e: Suppose you learned several friends died at the hands of worshipers of a Vampire savior cult. One young man is ritually sacrificed in a ceremony recorded in a snuff film. The film is made by a likeable but twisted auteur and recognized as of considerable artistic merit and commercial worth. Two other youths die from heroin overdoses; perhaps accidental but probably premeditated. What would Jesus do? Well most of us probably would suppose He would be really annoyed by the ...
Suppose you learned several friends died at the hands of worshipers of a Vampire savior cult. One young man is ritually sacrificed in a ceremony recorded in a snuff film. The film is made by a likeable but twisted auteur and recognized as of considerable artistic merit and commercial worth. Two other youths die from heroin overdoses; perhaps accidental but probably premeditated. What would Jesus do? Well most of us probably would suppose He would be really annoyed by the sacrilege. So then, let’s ask, what would you do? OK. You read; you’d mind your own business. When Taxi and Bun are asked to help they don’t equivocate; they pitch right in to resolve the motive and chase the perpetrator.
Commercial snuff films; a vampire savior cult. Murder most foul, drug overdoses. The locations change from Gay discos and S&M venues in Manhattan, to a loony bin on the Hudson run by the inmates and a do it all Montreal club scene. The detecting is fast paced and the characters standouts: a corrupt cop, a Goth dominatrix and a Vampyre boutique owner all figure in the puzzle. Taxi and Bun are joined in their second bizarre investigation by a club boy dilatant, a street savvy black skip tracer and the Tracker brothers – a weird family of almost bloodhound investigators.
“Scribble, scribble, scribble” was George III’s pithy observation concerning Edward Gibbon’s Decline and fall of the Roman Empire; likewise were the endless papers prepared in NYU’s Ph. D program, reprised by years of administrative management writing inane corporate drivel. Freed from inescapable drudgery I began banging out stories, much as a sailor home from the sea takes up an oar and a rowing goes.
Seeking a Dutch colonial country home I found no book provided the information I needed; two years and a trip to the Netherlands filled in the lacunae and out popped The Dutch and Their Homes in the Hudson Valley. Well received (it ran through two editions) it remains worth acquiring if you want to know anything about a Dutch colonial house or feel compelled to read up on the period and people. Next was Vernacular to Spectacular in which I examined how houses changed 1700-1830. It demonstrates how function and life styles followed dictates imposed by domestic design changes. It also describes how those changes were transmitted from London and Paris European to the contemporary howling wilderness in the Hudson Valley. The third book (in is something of a trilogy) is Weeding Women. It examines that role women and kitchen gardens played in early America. Lest we forget without those weeding women the founding fathers would have bedded hungry, alone and heirless.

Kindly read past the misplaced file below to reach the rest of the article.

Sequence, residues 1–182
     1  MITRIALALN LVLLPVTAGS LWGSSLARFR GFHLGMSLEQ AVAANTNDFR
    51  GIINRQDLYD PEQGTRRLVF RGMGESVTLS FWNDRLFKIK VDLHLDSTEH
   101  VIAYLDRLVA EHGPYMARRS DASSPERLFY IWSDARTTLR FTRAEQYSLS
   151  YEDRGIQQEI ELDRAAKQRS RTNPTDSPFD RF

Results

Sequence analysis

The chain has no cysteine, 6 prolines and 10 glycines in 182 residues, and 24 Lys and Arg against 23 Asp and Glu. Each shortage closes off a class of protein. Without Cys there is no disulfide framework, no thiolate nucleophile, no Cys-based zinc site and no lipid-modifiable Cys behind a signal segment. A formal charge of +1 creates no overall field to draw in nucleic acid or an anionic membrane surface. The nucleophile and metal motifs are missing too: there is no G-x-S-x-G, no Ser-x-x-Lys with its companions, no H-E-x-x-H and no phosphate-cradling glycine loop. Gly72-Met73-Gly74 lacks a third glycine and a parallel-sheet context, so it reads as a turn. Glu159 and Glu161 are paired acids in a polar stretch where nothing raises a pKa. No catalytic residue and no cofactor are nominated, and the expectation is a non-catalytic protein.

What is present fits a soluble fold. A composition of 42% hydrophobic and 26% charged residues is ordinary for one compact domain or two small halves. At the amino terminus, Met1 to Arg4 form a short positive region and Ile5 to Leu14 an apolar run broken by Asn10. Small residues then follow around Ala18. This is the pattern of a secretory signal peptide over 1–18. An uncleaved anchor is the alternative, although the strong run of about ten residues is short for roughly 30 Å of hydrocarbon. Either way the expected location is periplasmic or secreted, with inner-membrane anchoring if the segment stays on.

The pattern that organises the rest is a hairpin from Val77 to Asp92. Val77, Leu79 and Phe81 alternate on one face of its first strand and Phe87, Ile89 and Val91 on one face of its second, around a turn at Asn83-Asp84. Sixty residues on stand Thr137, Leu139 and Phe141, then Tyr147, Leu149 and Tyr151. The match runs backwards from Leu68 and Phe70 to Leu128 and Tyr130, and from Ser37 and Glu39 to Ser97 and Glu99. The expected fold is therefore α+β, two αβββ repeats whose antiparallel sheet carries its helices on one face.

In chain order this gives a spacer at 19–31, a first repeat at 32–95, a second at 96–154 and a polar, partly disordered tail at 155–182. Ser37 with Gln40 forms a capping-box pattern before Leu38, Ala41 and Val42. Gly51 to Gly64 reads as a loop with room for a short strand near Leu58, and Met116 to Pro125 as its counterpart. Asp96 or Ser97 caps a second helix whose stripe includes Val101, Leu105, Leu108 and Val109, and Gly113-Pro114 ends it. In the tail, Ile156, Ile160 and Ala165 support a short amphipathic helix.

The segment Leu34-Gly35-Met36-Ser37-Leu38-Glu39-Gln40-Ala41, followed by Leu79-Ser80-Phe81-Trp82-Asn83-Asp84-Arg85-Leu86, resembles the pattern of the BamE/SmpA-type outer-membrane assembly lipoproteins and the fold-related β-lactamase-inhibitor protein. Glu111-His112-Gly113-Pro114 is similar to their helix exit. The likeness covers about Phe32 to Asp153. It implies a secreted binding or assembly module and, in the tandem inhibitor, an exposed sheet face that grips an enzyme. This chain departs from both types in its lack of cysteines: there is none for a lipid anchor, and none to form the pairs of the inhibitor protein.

Wearying of footnotes I turned my hand converting far too much knowledge to sit idle into A Lad from Sneek. (I assure you that Sneek is a town in the Netherlands.) The book relates how a lad and his bonte coe (spotted calf) arrive in New Netherlands and grow up with the country. The tale offers a tour of 1654 Amsterdam from warehouses to whorehouses, a gruesome North Atlantic crossing, an introduction to New York’s first recorded madam Greitje Reyner and her house on Bridge street, captivity among the Huron’s, trade with the Mohawks, the African slave trade, life with Caribbean pirates and buccaneers and various frontier adventures at the cutting edge of wilderness thirty miles north of Albany – once called Beversfuyck or beaver trap, but suggestive of what politicians there have long done to us.
The Saga of Freydis Eiriksdatter is a tale that relates the adventures of a fictive Norse colony in North America. Freydis was the daughter of Eirik the Red settler of Greenland and half-sister of Leif Eirikson discoverer of No